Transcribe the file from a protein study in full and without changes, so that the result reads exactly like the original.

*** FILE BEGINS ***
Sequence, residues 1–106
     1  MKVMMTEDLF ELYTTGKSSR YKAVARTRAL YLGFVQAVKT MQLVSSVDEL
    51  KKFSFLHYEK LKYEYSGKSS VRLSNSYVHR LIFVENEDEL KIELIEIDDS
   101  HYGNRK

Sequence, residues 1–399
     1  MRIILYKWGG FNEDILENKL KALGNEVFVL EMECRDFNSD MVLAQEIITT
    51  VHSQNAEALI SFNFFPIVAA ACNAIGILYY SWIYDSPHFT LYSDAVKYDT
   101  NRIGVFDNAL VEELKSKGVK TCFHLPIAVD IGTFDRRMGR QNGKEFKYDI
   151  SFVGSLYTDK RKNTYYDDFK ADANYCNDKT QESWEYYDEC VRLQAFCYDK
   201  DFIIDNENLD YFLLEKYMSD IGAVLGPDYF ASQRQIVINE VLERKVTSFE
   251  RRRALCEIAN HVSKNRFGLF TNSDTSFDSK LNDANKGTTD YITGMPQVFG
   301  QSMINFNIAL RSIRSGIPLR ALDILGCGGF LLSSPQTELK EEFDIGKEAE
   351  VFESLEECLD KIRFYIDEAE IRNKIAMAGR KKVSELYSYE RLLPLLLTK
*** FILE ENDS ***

Sequence, residues 1–106
     1  MKVMMTEDLF ELYTTGKSSR YKAVARTRAL YLGFVQAVKT MQLVSSVDEL
    51  KKFSFLHYEK LKYEYSGKSS VRLSNSYVHR LIFVENEDEL KIELIEIDDS
   101  HYGNRK

Sequence, residues 1–399
     1  MRIILYKWGG FNEDILENKL KALGNEVFVL EMECRDFNSD MVLAQEIITT
    51  VHSQNAEALI SFNFFPIVAA ACNAIGILYY SWIYDSPHFT LYSDAVKYDT
   101  NRIGVFDNAL VEELKSKGVK TCFHLPIAVD IGTFDRRMGR QNGKEFKYDI
   151  SFVGSLYTDK RKNTYYDDFK ADANYCNDKT QESWEYYDEC VRLQAFCYDK
   201  DFIIDNENLD YFLLEKYMSD IGAVLGPDYF ASQRQIVINE VLERKVTSFE
   251  RRRALCEIAN HVSKNRFGLF TNSDTSFDSK LNDANKGTTD YITGMPQVFG
   301  QSMINFNIAL RSIRSGIPLR ALDILGCGGF LLSSPQTELK EEFDIGKEAE
   351  VFESLEECLD KIRFYIDEAE IRNKIAMAGR KKVSELYSYE RLLPLLLTK